Unlike the real Sally on the auction block, or the "Hottentot Venus," McCauley is the agent of her own representation. Just as it appears that she may be swallowed up by the mechanisms of the gaze--desire, fetishization, colonization--McCauley breaks the action, as if to remind the audience that she is still in control. Hutchins stops the chant, the lights come up, and McCauley covers her body. She explains to the audience that she "wanted to do this--stand naked in public on the auction block." With this line, McCauley reasserts her agency by interrupting the commodifying gaze. She continues, "I thought somehow it could help free us from this" (referring to her naked body). "Any old socialist knows, one can't be free till all are free" (231).
In her recent analysis of slave narratives, Saidiya V. Hartman approaches the issue of black women's agency from a different perspective.  From historical and literary documents about the slave trade, Hartman has unearthed scenes of outright antagonism. Some women refused to be compliant participants in their debasement, finding ways to interrupt their spectators' sickening enjoyment, and openly rejecting the master who would "make her his gal." Hartman gives us the example of a slave named Sukie who shouted threats of castration and violently exposed herself to onlookers. Hartman describes this moment as a deconstructive performance in itself: "This revolt, staged at the site of enjoyment and the nexus of production and reproduction, exposes the violence of the trade spectacle" (41). With her desire to create a changed social consciousness within our contemporary moment, McCauley harkens back to Sukie and Sally and every other black woman who raged at the instruments of their oppression.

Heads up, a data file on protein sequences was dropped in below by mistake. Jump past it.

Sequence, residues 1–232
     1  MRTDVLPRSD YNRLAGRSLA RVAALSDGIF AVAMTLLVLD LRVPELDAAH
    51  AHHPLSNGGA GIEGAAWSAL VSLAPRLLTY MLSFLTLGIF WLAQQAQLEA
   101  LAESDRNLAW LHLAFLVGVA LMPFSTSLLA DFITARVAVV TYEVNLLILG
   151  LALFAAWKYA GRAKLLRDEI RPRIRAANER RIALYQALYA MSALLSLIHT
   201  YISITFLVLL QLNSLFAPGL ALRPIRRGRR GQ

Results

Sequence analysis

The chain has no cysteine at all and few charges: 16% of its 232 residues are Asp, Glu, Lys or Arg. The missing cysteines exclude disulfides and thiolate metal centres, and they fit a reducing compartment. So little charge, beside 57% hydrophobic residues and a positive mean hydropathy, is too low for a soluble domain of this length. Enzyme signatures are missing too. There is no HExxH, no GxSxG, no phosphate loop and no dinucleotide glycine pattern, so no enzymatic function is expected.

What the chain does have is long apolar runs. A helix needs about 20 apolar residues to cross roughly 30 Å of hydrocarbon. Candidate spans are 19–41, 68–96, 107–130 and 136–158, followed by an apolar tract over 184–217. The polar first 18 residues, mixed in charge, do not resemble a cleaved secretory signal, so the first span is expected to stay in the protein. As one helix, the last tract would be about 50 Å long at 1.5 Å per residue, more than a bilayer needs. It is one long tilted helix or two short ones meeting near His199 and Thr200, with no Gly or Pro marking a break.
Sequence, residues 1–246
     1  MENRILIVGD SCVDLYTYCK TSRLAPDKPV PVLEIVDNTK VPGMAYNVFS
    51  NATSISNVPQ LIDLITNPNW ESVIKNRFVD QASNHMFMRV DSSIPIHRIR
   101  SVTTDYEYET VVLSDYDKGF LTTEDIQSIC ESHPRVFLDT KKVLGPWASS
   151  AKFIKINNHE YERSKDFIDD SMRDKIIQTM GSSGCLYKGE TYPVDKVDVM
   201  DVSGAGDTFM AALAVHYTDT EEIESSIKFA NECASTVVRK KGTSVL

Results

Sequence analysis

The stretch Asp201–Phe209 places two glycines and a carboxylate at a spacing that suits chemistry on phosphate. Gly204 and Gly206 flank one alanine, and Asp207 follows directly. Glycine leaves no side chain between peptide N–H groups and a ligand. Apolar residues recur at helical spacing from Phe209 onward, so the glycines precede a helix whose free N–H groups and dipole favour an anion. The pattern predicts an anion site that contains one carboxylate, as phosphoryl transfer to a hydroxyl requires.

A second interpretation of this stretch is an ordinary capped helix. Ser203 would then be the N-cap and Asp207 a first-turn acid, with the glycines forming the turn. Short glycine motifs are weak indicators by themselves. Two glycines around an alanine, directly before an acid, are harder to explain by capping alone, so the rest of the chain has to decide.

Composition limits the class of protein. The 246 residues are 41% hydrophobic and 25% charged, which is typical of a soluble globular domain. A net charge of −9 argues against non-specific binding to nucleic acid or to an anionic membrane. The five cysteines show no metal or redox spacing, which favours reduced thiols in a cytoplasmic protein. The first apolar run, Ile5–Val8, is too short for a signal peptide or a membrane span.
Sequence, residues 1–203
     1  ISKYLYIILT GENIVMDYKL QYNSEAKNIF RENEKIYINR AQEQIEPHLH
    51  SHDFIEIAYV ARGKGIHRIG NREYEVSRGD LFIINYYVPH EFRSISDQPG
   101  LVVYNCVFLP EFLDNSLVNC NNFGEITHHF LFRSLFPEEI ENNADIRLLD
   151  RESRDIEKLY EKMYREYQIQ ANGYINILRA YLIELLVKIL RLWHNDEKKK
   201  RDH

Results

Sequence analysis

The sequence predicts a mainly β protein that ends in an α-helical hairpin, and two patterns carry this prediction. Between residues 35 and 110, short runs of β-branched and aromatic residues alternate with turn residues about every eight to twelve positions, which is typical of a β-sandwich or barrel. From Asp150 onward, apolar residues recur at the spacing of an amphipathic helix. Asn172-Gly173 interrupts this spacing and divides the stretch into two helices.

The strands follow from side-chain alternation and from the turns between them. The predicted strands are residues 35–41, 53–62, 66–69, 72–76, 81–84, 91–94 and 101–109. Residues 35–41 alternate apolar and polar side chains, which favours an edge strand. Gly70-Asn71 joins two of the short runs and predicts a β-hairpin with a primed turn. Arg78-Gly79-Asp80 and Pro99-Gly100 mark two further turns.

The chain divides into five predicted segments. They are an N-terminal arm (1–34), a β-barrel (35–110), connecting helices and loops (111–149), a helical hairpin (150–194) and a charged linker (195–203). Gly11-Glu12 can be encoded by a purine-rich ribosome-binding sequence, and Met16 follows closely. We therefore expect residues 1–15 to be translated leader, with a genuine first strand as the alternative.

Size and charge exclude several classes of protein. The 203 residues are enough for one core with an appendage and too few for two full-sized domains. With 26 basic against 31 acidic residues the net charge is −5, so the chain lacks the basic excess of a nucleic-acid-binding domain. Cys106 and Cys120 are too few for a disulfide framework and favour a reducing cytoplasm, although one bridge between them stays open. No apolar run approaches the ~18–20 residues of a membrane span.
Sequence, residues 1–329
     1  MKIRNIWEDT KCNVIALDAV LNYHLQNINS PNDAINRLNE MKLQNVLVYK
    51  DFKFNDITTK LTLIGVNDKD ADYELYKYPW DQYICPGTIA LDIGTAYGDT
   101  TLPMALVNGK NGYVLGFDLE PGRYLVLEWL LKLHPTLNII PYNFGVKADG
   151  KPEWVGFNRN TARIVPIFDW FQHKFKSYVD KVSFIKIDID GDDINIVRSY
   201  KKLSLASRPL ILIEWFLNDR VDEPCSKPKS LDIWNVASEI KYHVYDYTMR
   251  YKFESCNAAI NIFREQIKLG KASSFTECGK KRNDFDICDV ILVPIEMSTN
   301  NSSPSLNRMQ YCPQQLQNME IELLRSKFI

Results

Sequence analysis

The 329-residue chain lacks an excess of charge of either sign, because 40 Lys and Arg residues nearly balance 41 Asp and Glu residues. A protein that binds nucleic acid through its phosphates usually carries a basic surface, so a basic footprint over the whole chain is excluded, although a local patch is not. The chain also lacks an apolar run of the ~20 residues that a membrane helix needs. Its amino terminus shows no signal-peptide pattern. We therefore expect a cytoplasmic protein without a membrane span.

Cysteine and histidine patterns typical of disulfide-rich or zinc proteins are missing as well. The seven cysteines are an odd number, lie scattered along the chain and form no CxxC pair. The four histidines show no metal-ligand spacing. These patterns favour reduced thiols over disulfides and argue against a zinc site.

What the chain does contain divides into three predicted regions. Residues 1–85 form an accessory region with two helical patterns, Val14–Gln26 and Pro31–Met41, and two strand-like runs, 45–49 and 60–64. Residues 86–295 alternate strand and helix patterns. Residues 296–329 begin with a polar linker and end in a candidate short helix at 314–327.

McCauley's actions are, of course, part of a staged re-enactment, but her evocation of ritual elements compels spectators to hear the stories of her ancestors in ways that literary narratives cannot. With this in mind, I return our attention to the auction block scene. McCauley had abruptly stopped enacting the trade of Sally, put her dress back on, and spoken directly to the audience, another moment inspired by Brechtian theater. Scarcely is the audience allowed a sigh of relief from the chanting trade ritual, when the lights are lowered and McCauley resumes the enactment. She shifts from the sale of Sally to her rape. Curling down on the block, McCauley experiences Sally's rape on her own body as she does in a recurring nightmare. Paralyzed with fear and humiliation, she repeats over and over: "I am Sally being done it to ... bound down on the ground ... being done it to" (231). Once again, past and present converge, as the rape of slave women becomes a contemporary reality, a painful wound in the American psyche which needs to be addressed in the name of healing. McCauley's body is the site of this convergence, begging the question, What exactly does one do with the layers of shame and anger built up over generations, and with the ways that they surface when one is confronted with scenes of brutality in everyday life?
The next episode, entitled "In a Rape Crisis Center," allows McCauley to continue on the topic of rape, further complicating it by contrasting different perspectives on its racial dimensions. One spectator, a woman who heads a Louisville Women's Center, responded that the piece realistically acknowledges the different issues around rape for black and white women. Whereas white women often focus on the issue of prevention, on how to keep themselves safe from rape, black women come out of a history of systematic rape legitimized by the institution of slavery.